03. Finding Unique or Duplicate elements uniq

The uniq command takes in a sorted file and reports duplicated lines. With the proper options, it can be used to omit or report unique or repeated lines.

Use sort first!

If we use the uniq command on an unsorted list, it will report unexpected results, so make sure you sort before!

$ sort test.txt | uniq

Default output

The example file here simply lists the names of a few people. If we sort then call uniq, it will return all names in the file, just once.

$ cat names.txt
Bob
Chase
Jon
Clara
Bob
Theresa
Jon
Billy
Jonathan
Clara
Jonathan
Bob
Jonny
$ sort names.txt | uniq
Billy
Bob
Chase
Clara
Jon
Jonathan
Jonny
Theresa

Outputting repeated lines

To output lines that have repeated elements, we pass in the -d option.

$ sort names.txt | uniq -d
Bob
Clara
Jon
Jonathan

Outputting unique lines

To output lines that occur just once, pass in the -u option.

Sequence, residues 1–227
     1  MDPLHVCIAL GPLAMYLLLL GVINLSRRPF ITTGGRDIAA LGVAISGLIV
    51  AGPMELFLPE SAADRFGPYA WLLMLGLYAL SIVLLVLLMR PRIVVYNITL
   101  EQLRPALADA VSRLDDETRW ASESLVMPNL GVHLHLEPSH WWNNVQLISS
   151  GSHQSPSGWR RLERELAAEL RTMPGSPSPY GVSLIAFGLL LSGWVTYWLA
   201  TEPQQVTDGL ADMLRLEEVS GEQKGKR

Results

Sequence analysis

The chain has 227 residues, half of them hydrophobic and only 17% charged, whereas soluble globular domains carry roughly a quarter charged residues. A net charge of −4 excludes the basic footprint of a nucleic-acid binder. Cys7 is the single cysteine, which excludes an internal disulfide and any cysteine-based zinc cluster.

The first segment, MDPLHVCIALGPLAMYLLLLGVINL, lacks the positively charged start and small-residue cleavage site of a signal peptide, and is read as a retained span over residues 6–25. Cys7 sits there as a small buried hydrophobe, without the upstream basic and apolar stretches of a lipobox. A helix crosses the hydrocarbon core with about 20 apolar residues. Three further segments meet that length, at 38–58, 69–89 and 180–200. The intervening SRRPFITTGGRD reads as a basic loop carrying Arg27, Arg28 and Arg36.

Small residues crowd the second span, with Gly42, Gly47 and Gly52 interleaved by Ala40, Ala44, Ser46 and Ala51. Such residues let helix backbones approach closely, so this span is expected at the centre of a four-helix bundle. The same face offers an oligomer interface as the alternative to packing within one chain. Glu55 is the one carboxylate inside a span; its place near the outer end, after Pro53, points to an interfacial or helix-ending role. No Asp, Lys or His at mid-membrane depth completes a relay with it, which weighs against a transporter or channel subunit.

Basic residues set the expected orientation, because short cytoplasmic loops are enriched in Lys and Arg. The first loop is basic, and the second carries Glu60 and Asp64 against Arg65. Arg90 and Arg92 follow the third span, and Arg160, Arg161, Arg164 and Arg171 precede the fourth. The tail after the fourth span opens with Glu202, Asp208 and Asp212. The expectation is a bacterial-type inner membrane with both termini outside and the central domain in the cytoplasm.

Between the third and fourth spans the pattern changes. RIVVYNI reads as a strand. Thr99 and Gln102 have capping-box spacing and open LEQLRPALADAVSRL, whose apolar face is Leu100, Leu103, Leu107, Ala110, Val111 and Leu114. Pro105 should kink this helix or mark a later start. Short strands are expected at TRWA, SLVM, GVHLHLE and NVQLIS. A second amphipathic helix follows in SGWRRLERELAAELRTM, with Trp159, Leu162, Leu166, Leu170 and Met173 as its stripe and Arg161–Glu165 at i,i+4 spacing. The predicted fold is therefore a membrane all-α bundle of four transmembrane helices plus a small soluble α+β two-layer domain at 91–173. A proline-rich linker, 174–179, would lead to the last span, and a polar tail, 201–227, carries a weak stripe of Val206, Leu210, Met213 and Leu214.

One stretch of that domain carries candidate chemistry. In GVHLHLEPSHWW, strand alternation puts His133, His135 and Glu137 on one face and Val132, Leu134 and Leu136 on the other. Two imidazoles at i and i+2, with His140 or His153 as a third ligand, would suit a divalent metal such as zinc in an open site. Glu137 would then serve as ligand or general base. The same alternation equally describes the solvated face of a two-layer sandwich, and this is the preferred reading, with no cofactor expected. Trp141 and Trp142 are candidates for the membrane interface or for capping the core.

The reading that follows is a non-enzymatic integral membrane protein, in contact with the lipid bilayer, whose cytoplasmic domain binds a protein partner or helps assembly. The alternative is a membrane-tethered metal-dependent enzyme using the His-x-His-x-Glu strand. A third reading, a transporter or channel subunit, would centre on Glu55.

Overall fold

$ sort names.txt | uniq -c
Billy
Chase
Jonny
Theresa

With count

With the -c option, we can find how many times each occurrence occurs.

$ sort names.txt | uniq -c
   1 Billy
   3 Bob
   1 Chase
   2 Clara
   2 Jon
   2 Jonathan
   1 Jonny
   1 Theresa

More options

Here are a list of the most-used options. Check out the man page for more.

-c, --count
Precede each duplicate line occurrence by the number of times the duplicate occurs.
-d, --repeated
Output only repeated lines, rather than unique lines.
-f, --skip-fields=n
Ignore comparing the first n fields in each line.
-i, --ignore-case
Ignore case during the line comparisons.
-s --skip-chars=n
Skip the leading n characters of each line.
-u, --unique
Opposite of -d - output only unique lines. This is the default setting.

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